The Ausfather: Part III

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It’s time to finish what we started. Pucker up!

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I recently began subscribing to the Australian version of Netflix, and was immediately confronted with a stark reminder of why I have always been a proud pirate and will have to continue sailing the rough torrents of the internet for some time yet.

There’s nothing on this damn thing!

I scroll up and down, though every category: horror, drama, thriller, rom-com. There’s barely anything but box office tween-movie bullshit! Where are the obscure titles, the arthouse projects, the independent low-budget experiments? This is barren! Instead they’ve filled it up with big-budget mass-produced typical tripe.

As I pushed my supercilious shopping trolley though this digital corporate suburbia, trying to stomach the most over-marketed flavours of film you can imagine, it got me thinking about a particular symptom of poor cinema that Australia struggles with.

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The only genre that Australia seems to be comfortable appropriating is the Western, for obvious reasons. We have miles and miles of red desert sandwiched against blue sky and nothing much in between. Except that…that isn’t true. Living in Australia means living in or around a city. It means waking up in the morning to the sound of train horns and traffic jams. We don’t mount a camel at 7 AM and head out towards the horizon. We down a bitter coffee and squeeze ourselves into smelly boxcars, wearing pristine suits and skirts and holding onto greasy metal rails.

Have you ever taken a moment to look at an Australian city? The closer you get to the city centre, the more brick and rust is replaced by steel and plastic. Yet the original grunge and architecture never fully dissolves. It’s always there, wedged in amongst the contemporary showcases. Take a stroll away from the main roads, and you have a maze of thin streets that look like the inside of a submarine. There are small delis and doughnut shops stacked against bins, pipes, and cross-beams. All you need is steam coming out of the manhole covers and you’ve got yourself a solid…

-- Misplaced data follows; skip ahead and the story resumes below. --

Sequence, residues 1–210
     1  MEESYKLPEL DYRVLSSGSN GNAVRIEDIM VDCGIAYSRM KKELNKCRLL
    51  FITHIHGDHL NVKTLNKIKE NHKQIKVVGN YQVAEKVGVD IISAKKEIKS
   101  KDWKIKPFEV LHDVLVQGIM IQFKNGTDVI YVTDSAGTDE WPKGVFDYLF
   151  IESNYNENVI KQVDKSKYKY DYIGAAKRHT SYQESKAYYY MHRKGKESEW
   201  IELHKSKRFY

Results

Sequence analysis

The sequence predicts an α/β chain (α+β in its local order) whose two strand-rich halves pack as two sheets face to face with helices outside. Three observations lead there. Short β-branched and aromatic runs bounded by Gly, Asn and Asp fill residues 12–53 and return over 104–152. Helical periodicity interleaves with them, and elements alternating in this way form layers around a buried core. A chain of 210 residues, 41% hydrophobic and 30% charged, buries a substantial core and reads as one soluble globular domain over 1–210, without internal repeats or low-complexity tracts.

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Film Noir, from the french for ‘Black Film’, encompasses a large array of crime dramas from the 40’s, 50’s and 60’s. This genre still resonates through modern cinema, but spikes every so often, resulting in what’s typically known as Neo-Noir.

There are many classic noir stories, usually centred around heists, investigations, or just plain gangster intrigue. My personal favourites have to do with suspense and escalating tension, rather than grimy detective work. Typically a main character will make a selfish decision based on something superficial, like sex or money. Thus begins an increasingly complex series of events which traps him or her in a prison of their own consequences. Confused? Want examples? Well, here’s your homework, should you choose to accept it:

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The first place to start on any Film-Noir caper is Double Indemnity. This is the classic murder-gone-wrong movie, and one of Billy Wilder’s most famous works. The setup is a stroke of genius.

Fred MacMurray plays Walter, an insurance salesman who falls in love with his client’s wife, Mrs. Dietrichson…the classic femme fatale. The two devise a plan to murder her husband and cash in on his life insurance policy. It all seems straight forward, until Walter’s boss suspects foul play and sends Walter off to investigate his own murder.

The film is an utter joy to sit through, as the couple have to eventually worm their way out of meeting with witnesses, find ways to re-purpose the evidence, and scramble to distract from suspicious clues. All the while, they grow resentful of each other and begin to argue over their agonising situation. As you might imagine, there is no happy ending in sight.

It’s always baffled me that in this age of adaptations, remakes, and reboots, there have been so few attempts at directly modernising this story. Maybe one day it’ll pop up at the box office, but until then you should check out the original.

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Of course, you can’t take a stroll though the golden age of cinema without bumping into the master himself, Hitchcock. Strangers on a Train is one of Hitchcock’s lesser admired films, but I actually prefer it to Vertigo or Psycho. It’s a far more engaging premise that befits my own sensibilities like a killer’s glove: